Panel: Most complaints against Massachusetts judges come from aggrieved litigants


BOSTON >> The group tasked with investigating complaints of judicial misconduct in Massachusetts considered 78 complaints against judges last year and disposed of 60 of them with a finding of no misconduct, the Commission on Judicial Conduct disclosed in its annual report.

The commission received 267 allegations of a judge misbehaving on or off the bench in 2015 — down from 343 in 2014. Of those, 55 "met the standard of alleging facts that, if true, would constitute judicial misconduct," according to the commission. Those 55 reports joined 23 reports that were held over from 2014 to make up the 78 complaints considered last year.

Of the 55 credible complaints filed last year, 23 of them pertained to a judge on the Probate and Family Court, while another 17 related to the District Court system, according to the report. In 43 of the reports the complainant was a litigant, and no legislators filed complaints last year, according to the commission.

The three most common subject matters of complaints were "denial of full opportunity to be heard," disagreement with decisions and rulings," and "inappropriate demeanor," the report states.

"Many complaints are filed ... by parties who are disappointed with how their cases came out and believe the judge was not 'fair' or that his or her decision was wrong," commission Executive Director Howard Neff wrote in the report's introduction. "Hardly a judge in Massachusetts escapes such claims over the course of his or her career on the bench."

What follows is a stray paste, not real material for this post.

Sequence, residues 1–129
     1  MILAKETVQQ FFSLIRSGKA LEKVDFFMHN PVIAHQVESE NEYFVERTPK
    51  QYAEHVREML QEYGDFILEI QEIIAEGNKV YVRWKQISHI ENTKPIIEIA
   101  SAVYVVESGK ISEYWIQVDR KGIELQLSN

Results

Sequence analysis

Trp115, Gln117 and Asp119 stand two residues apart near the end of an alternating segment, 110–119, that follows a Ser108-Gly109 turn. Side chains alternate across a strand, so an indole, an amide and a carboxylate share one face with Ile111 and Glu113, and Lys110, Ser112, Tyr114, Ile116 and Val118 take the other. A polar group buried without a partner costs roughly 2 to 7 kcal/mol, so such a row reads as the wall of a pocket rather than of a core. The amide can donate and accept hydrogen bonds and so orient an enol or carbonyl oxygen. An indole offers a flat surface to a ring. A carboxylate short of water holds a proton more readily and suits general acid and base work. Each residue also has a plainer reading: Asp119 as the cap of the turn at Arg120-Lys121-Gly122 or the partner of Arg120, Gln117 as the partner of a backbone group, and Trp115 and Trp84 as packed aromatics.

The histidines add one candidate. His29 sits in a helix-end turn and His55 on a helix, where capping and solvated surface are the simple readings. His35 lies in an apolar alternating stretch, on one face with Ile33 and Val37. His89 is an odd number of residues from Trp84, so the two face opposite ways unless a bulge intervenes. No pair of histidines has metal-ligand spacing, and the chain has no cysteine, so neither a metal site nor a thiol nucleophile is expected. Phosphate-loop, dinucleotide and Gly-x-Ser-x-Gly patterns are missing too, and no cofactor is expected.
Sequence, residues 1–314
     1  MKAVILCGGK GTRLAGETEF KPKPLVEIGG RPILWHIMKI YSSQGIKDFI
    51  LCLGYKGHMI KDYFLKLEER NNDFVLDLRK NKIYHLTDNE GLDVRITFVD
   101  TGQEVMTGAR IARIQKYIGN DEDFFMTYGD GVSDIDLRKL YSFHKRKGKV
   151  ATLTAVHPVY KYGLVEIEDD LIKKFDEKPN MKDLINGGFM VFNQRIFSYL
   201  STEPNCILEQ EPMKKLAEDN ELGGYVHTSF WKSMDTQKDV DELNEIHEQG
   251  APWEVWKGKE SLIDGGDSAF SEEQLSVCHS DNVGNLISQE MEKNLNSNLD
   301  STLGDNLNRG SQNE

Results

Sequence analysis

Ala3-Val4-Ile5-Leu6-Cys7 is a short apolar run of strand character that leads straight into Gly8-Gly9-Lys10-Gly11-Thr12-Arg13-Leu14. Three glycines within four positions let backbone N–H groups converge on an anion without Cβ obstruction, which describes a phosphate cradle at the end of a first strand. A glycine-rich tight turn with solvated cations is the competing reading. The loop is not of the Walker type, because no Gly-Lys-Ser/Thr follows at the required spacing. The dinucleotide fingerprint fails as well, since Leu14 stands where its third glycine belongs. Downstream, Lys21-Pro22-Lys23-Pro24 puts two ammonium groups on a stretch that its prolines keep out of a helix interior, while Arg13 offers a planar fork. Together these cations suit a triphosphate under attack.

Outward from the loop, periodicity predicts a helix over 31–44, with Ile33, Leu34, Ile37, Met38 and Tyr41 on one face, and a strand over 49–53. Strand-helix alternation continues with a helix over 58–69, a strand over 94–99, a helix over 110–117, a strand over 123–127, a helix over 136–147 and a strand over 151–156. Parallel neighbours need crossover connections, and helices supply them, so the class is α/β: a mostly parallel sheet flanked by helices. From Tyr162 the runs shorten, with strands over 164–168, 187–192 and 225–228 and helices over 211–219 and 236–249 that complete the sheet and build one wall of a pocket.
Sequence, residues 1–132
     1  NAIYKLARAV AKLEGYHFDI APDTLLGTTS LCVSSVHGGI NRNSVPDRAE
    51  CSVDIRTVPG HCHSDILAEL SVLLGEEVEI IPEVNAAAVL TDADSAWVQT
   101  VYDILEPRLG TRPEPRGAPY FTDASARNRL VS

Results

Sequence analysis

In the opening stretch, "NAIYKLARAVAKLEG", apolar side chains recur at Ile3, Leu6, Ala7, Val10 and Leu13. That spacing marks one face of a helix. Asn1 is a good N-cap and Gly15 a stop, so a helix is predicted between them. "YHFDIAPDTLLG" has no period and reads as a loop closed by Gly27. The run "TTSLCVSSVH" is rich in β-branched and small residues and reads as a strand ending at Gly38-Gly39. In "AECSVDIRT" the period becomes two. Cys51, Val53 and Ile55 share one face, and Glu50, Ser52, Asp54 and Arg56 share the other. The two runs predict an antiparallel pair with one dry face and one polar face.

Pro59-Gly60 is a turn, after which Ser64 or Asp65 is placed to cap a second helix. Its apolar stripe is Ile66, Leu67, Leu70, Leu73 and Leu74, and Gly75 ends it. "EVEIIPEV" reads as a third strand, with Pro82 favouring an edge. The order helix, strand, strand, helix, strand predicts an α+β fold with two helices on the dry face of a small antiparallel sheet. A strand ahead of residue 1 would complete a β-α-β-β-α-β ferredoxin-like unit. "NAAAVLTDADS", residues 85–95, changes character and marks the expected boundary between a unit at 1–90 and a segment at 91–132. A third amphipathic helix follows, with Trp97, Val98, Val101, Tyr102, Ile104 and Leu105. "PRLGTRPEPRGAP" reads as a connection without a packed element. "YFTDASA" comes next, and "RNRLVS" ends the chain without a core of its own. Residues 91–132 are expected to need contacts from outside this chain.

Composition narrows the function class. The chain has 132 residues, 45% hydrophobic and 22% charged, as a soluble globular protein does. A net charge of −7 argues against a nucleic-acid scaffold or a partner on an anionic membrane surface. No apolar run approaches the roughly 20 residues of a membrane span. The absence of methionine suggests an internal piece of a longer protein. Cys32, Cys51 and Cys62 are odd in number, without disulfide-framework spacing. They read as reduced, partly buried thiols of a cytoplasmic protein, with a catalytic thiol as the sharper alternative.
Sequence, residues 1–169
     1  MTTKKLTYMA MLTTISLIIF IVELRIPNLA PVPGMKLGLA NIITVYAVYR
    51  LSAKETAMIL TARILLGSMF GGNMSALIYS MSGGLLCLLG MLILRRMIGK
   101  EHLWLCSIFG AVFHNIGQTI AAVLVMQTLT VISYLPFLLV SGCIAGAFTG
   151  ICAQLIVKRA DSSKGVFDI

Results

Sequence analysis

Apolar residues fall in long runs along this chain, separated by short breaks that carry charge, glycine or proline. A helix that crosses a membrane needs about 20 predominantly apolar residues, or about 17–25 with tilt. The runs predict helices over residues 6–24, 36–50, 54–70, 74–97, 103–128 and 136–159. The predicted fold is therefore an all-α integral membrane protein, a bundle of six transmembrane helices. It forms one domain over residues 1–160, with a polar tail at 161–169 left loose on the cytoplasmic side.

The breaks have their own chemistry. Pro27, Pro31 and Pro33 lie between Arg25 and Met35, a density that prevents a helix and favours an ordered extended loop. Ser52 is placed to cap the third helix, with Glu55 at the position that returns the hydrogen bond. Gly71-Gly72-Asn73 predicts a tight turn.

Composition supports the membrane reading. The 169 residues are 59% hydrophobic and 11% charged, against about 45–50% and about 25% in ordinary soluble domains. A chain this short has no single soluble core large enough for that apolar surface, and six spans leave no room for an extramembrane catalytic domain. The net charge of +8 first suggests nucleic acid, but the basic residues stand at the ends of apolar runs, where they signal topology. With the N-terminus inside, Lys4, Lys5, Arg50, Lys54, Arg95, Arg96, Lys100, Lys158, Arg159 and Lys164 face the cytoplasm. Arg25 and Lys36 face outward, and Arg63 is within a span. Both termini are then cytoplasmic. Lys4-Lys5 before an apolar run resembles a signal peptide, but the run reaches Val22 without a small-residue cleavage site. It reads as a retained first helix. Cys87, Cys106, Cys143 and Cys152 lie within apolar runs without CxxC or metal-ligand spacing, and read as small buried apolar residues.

Of the 78 complaints considered by the commission last year, 60 were dismissed with a finding of no misconduct. But in six of those dismissals, the commission expressed its concern to the judge in question.

In five cases the judge in question agreed to be monitored by the commission and to meet regularly with a mentor judge during the period of monitoring. Some cases from 2015 are still pending.

One such complaint involved a judge who presided over a criminal case and "had failed to provide the representative for the commonwealth with a full opportunity to be heard, had failed to be faithful to the law, had failed to observe high standards of conduct, and had created an appearance that he was biased against the commonwealth," according to the report.

That judge, whom the commission does not identify in its report, entered an agreement with the commission whereby the judge was privately admonished for the misconduct and agreed to be monitored for a year.

The Commission on Judicial Conduct is a state agency that investigates complaints of judicial misconduct and, according to its website, "has the responsibility of preserving both judicial independence and public accountability" and "serves to maintain the public's confidence in the integrity of the judicial system."


If you'd like to leave a comment (or a tip or a question) about this story with the editors, please email us. We also welcome letters to the editor for publication; you can do that by filling out our letters form and submitting it to the newsroom.

Powered by Creative Circle Media Solutions